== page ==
Social & Digital coffee break: escaping the Facebook shadow
It’s not really a surprise that Facebook can’t be trusted — but are we really taking the steps we need to end our additions to it? This, and many other useful topics in today’s digest.
One Big Read: Facebook's tactical bias
As the globe watches the USA anxiously — one of the few electoral events that genuinely impacts the rest of the world — this is a good read on how, in its attempt to stay "in" with the ruling party, Facebook intentionally manipulated the media landscape.
The reflex reaction I've seen from many people is that Something Must Be Done about Facebook. But I can't help feeling that this should be a rallying cry for us to do more to connect directly with audiences, without relying on such an untrustworthy intermediate:
Return of the Sub
The journalism business will eventually regret the wholesale cull of subs it had indulged in over the last 15 years. When they bring both the normal sub-editing rigour AND some core digital skills, they can be an invaluable part of the newsroom — and create a quality differentiation for your site.
And some organisations are beginning to wake up to this fundamental truth:
Talking of those digital skills, here's an interesting insight into how the sub role could evolve to harness new technology:
New approaches to journalism
I probably need to write a deeper piece on this, but one of the disappointments of the digital transition is that, to a very large extent, we're still putting old wine in new bottles. The story formats we use today don't look fundamentally different from those of 25 years ago.
One of the deep problems with our formats becoming so formulaic is that those formulas are easy to copy, and misinformation and propaganda sites can appropriate the veneer of respectability that's imbued in the format.
We really need to shake up how we tell our stories, and I've come across a couple of interesting examples recently. The recent Hacks/Hackers London session on Quartz's climate change journalism is absolutely worth your time:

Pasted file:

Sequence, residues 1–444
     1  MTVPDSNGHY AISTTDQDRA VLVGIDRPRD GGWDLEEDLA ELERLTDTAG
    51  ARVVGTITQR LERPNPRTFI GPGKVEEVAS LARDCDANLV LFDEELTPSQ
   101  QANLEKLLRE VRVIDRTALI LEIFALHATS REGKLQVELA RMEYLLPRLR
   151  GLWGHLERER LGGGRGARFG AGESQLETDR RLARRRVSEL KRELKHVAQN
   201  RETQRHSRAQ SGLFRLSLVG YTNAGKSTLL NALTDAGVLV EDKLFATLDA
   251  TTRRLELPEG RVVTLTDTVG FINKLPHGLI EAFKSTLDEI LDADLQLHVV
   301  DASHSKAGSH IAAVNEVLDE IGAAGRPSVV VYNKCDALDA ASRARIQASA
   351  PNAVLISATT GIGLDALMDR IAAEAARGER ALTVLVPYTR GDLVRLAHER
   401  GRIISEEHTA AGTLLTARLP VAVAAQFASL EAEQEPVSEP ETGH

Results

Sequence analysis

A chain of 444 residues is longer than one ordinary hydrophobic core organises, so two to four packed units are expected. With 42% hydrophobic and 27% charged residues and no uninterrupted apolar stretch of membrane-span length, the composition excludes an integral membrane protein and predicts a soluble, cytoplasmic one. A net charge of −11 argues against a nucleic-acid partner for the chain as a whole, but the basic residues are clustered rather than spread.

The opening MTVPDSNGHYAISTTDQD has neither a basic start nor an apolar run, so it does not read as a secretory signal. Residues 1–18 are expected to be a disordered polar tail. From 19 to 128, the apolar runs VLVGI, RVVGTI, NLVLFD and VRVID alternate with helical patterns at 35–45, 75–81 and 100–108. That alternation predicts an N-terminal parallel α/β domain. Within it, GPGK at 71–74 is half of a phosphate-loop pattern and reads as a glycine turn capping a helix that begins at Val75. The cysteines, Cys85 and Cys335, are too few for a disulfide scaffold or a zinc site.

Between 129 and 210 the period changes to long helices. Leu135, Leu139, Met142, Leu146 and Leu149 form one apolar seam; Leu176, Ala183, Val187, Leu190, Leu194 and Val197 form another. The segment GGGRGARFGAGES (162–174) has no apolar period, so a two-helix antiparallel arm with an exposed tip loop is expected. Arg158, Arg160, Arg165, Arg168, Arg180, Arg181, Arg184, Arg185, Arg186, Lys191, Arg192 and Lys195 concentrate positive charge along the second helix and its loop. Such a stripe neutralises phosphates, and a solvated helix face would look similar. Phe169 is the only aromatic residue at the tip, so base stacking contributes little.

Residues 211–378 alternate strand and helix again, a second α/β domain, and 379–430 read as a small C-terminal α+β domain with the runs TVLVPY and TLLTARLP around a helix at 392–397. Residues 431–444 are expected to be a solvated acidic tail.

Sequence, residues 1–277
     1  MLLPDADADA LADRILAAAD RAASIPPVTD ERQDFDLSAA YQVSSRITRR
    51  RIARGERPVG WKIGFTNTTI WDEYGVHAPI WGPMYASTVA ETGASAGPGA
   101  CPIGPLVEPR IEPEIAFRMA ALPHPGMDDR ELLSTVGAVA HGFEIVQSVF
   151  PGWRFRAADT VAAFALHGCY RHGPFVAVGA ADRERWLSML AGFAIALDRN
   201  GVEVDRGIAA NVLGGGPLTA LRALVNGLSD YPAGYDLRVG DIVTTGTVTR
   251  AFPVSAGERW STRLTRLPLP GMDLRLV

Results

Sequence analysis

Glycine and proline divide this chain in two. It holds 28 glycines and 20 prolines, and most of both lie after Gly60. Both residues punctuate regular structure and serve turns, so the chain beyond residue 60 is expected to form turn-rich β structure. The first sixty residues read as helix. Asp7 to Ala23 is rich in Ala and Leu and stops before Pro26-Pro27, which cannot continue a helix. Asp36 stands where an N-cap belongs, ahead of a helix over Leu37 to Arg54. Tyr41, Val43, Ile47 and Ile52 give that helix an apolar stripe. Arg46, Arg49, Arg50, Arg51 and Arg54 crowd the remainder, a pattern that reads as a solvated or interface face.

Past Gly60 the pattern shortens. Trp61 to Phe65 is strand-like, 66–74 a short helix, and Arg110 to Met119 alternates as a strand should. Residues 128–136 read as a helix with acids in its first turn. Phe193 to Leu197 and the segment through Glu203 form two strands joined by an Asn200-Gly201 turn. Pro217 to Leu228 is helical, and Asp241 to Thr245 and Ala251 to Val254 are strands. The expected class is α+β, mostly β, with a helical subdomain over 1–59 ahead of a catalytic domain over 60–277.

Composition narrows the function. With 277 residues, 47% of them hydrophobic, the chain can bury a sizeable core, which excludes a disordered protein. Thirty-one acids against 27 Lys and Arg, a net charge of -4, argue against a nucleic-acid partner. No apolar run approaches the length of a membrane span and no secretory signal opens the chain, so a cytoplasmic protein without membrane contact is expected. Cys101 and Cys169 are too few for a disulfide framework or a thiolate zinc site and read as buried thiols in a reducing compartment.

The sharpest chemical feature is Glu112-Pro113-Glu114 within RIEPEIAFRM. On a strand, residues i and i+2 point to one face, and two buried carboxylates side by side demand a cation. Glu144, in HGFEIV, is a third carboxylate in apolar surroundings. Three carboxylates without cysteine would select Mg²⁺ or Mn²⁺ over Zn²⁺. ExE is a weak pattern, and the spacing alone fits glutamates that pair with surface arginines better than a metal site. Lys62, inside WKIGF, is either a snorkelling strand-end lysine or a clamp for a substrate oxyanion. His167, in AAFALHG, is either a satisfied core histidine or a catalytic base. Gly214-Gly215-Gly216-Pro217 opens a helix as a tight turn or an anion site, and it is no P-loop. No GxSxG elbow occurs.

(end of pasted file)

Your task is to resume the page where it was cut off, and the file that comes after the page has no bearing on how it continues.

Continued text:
And here's the project that they're talking about:
And while we're on the idea of using fiction in journalism, this is fun but useful:
Ah, newsletters. The overnight success story that took two decades… 😉
They remain a critical tool in building direct relationships with readers, without mediation via Facebook and Google. But they're also increasingly becoming a business in their own right.
This piece from Mark at newsletter platform Revue is a useful dive into the economics of newsletters:
Meanwhile current newsletter platform darling Substack continues to build out its technology. One big barrier to adoption has been the fact that you couldn't use your own domain name with the service. That's risky, because it makes it harder for you to migrate off it if needed in future.
Well, they've changed that — but they want $50 to do it. My guess as to the reason for that relatively high price is that setting up DNS to redirect domain names is tricky and technical. They want to discourage casual users from doing it, because of the potential support overheads, while making it cost-effective for them to support more serious users.
Still, a positive move.
Learn to create better newsletters
And, just a quick reminder: my brand new newsletters course, built out of nearly a decade of working with news organisations on newsletter strategy, kicks off next week:
Adobe had its big annual event last week, and made some significant announcements. This is really interesting, both for photographers looking to protect their art, but also for journalists doing verification work:
And this is a big leap forwards in computational photography:
Edit video like text
One of the sad consequences of the pandemic is that this year, I'm not teaching students to edit video — all my lecturing is being done remotely, and one of the in-house team has taken on the editing training. Video editing is a very different thought process and skill set from text editing — but Descript is bringing the two together.
It started as a tool that allowed you to edit podcasts by editing a transcript of the audio — but now they've extended that approach to video. I'm looking forward to having a play with it when I get a little bit more time.
Last week, I mentioned that the Membership Puzzle Project was open to a new round of applicants. They've expanded their geographic criteria, so it might be worth taking another look:
This is a fantastic job opportunity for someone with audience engagement skills:
I'm off on more adventures with my children. I hope you're having a good day, wherever you are.
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Liveblog of a panel debate about social media from news:rewired in February 2012